Your dad’s away.
You want to do him a favor, take advantage of his absence to clean his apartment. Which it needs. Things have been piling up in there.
But you get this idea.
Instead of doing the work yourself, you figure a way to get someone else to do it and make a little money for yourself while you’re at it.
By clean his apartment, you mean clean out.
You go to a local thrift shop, tell the owner your dad isn’t away. He’s dead. Invite the thrift shop owner to come in, take whatever she thinks she can sell, work out a price.
What’s there a problem?
Dad’s going to be surprised when he gets home, sure, assuming he can come home, assuming he has a home to come home to, assuming his landlord hasn’t evicted him, thrown out all his stuff or sold it himself. See, dad’s not likely going to be sending the rent check while he's away.
Away here means he’s in jail.
So if it’s all just going in the dumpster with whatever’s to be made off whatever can be sold going into somebody else’s pocket, that somebody might as well be you, right? His loving daughter?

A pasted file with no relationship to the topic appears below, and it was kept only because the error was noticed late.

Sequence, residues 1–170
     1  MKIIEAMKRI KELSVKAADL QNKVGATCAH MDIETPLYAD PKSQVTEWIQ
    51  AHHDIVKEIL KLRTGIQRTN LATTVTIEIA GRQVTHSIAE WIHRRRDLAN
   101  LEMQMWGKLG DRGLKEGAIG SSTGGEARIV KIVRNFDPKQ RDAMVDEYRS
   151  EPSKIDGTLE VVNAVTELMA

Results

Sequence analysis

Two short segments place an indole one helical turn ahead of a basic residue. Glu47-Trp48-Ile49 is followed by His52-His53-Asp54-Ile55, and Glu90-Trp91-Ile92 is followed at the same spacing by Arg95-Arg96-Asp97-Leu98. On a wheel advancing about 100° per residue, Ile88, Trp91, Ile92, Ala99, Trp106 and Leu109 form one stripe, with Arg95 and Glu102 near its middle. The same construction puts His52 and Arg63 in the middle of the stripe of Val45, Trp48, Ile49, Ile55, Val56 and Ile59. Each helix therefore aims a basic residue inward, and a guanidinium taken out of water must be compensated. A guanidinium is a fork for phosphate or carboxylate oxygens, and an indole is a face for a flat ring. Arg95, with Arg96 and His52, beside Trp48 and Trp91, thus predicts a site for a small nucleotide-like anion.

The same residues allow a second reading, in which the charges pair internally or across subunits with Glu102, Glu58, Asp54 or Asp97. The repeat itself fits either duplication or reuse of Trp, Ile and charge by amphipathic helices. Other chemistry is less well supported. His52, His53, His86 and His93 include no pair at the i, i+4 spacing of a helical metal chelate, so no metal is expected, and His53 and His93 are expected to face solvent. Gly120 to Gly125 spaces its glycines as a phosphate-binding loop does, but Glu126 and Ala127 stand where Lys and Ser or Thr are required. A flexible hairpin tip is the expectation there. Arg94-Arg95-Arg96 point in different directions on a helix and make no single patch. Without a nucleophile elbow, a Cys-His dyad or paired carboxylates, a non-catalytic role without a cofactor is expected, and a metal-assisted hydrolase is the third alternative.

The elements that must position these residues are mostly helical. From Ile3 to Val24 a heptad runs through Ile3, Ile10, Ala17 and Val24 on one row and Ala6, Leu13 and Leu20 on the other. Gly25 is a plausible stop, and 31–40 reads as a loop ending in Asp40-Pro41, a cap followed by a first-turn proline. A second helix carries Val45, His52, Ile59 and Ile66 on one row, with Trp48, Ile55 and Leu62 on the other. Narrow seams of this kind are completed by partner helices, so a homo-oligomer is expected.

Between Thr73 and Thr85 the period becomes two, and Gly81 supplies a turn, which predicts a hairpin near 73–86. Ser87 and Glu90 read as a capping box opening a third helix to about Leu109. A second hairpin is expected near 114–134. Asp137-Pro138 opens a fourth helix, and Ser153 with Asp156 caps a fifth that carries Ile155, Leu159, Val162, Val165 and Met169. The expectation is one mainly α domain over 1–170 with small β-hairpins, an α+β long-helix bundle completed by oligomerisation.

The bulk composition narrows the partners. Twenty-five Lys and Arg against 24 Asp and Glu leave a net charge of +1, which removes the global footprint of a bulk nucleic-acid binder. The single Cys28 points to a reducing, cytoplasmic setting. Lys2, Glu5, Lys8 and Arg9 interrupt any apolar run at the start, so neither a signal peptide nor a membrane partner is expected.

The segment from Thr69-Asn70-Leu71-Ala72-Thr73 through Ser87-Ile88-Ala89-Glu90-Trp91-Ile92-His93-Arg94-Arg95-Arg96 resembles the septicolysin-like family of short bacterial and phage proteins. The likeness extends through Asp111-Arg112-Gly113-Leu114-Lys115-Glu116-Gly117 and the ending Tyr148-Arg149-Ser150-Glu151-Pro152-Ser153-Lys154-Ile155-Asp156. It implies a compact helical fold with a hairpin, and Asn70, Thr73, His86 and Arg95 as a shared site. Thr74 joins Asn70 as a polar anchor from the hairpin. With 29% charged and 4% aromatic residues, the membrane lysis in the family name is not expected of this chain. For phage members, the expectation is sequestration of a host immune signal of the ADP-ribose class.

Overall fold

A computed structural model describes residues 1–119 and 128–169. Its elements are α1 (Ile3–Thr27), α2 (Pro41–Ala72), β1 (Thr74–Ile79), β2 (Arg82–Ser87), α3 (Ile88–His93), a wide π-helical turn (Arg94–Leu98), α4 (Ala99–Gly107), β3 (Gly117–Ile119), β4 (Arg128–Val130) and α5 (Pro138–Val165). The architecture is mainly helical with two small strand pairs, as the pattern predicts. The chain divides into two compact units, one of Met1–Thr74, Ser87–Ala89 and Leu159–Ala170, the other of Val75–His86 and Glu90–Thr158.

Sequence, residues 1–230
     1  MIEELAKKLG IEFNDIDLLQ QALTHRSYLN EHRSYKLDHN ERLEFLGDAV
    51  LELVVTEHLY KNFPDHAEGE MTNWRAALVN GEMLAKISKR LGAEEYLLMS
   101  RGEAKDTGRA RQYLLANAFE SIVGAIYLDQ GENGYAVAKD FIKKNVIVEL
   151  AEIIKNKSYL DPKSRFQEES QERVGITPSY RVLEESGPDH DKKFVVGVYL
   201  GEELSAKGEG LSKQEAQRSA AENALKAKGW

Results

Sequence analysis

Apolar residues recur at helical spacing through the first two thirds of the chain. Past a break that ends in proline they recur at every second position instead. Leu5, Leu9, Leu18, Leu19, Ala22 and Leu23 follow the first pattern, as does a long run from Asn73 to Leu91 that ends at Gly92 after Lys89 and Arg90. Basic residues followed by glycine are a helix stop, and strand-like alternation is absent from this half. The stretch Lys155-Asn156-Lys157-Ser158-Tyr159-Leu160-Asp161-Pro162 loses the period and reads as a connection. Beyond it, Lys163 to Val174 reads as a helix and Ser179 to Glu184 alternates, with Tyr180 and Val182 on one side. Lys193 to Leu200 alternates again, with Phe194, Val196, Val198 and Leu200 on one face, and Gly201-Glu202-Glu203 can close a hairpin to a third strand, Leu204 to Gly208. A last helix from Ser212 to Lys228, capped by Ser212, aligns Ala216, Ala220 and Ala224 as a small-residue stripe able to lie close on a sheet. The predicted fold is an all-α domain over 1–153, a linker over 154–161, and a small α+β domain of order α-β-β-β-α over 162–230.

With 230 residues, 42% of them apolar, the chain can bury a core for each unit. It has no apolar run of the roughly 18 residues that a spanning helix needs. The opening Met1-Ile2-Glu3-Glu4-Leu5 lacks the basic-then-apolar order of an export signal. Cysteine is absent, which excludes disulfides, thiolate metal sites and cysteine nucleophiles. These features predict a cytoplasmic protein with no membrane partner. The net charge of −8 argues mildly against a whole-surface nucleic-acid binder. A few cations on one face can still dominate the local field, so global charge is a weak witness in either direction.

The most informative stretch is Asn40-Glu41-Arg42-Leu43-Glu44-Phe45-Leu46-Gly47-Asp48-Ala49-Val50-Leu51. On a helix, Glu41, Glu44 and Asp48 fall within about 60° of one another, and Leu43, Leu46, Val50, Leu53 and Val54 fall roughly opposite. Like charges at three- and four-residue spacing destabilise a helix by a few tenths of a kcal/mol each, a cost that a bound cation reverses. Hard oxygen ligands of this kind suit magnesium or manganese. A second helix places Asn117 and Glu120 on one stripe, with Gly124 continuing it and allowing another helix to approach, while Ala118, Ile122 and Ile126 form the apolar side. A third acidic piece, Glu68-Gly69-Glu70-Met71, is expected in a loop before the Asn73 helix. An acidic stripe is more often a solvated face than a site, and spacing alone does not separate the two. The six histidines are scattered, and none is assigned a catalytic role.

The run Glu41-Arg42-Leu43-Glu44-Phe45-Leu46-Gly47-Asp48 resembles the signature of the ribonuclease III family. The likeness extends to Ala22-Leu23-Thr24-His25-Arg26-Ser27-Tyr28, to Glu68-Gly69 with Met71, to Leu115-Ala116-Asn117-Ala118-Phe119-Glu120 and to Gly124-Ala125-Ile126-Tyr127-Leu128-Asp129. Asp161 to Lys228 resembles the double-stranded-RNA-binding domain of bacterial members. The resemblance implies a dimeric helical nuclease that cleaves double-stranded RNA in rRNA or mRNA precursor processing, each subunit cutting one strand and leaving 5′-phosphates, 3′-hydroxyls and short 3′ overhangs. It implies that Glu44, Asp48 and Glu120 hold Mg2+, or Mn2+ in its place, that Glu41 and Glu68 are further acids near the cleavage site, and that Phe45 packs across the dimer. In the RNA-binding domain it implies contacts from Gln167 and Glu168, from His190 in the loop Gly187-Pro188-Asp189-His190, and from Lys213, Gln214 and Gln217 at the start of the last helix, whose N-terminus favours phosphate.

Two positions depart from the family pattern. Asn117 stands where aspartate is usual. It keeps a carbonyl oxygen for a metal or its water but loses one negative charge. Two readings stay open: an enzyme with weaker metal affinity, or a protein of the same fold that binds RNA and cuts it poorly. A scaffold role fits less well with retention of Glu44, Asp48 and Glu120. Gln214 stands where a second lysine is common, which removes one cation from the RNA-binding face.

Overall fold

But you do this? Make sure you get all the money up front. Don’t agree to half now, half later. Because if the thrift shop owner starts to have some doubts, say someone tips her off your dad’s not dead, the stuff isn’t yours to sell? Then when you and your “companion” show up at the McDonald’s where you agreed to meet with the thrift shop owner to settle the balance, you might find there are other people there with her to greet you.
People in uniforms.
And cars with lights on the roof waiting to take you and your companion on a ride to where you can say hi to dad and explain to him how you just wanted to do him that favor.
This is based on a true story reported by Pauline Liu in the Times Herald-Record, Middletown woman and her companion charged with fencing her dad’s possessions. I just wish the paper said what the father was in jail for.